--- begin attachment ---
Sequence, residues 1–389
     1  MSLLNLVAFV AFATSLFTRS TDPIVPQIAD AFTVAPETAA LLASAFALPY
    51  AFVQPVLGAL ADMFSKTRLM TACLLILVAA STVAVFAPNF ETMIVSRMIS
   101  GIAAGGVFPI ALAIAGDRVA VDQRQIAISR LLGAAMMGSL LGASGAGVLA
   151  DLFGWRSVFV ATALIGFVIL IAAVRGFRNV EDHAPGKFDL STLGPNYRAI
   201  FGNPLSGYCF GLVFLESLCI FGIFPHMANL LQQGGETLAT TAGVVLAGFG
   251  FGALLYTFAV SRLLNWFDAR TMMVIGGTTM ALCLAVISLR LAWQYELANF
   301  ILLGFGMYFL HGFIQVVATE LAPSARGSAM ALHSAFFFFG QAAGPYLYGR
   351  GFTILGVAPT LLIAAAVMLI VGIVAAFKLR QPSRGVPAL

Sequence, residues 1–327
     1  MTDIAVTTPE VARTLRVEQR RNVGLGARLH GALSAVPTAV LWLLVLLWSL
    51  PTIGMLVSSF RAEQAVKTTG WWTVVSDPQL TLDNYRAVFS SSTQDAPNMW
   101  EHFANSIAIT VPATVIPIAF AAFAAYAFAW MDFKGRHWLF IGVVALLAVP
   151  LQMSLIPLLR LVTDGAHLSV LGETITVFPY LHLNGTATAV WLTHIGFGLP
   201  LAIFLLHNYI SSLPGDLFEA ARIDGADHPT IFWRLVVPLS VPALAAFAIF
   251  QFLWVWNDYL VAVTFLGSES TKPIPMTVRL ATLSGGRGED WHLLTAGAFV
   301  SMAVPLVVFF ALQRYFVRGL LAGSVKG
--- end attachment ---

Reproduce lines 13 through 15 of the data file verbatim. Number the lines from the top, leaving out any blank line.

   101  EHFANSIAIT VPATVIPIAF AAFAAYAFAW MDFKGRHWLF IGVVALLAVP
   151  LQMSLIPLLR LVTDGAHLSV LGETITVFPY LHLNGTATAV WLTHIGFGLP
   201  LAIFLLHNYI SSLPGDLFEA ARIDGADHPT IFWRLVVPLS VPALAAFAIF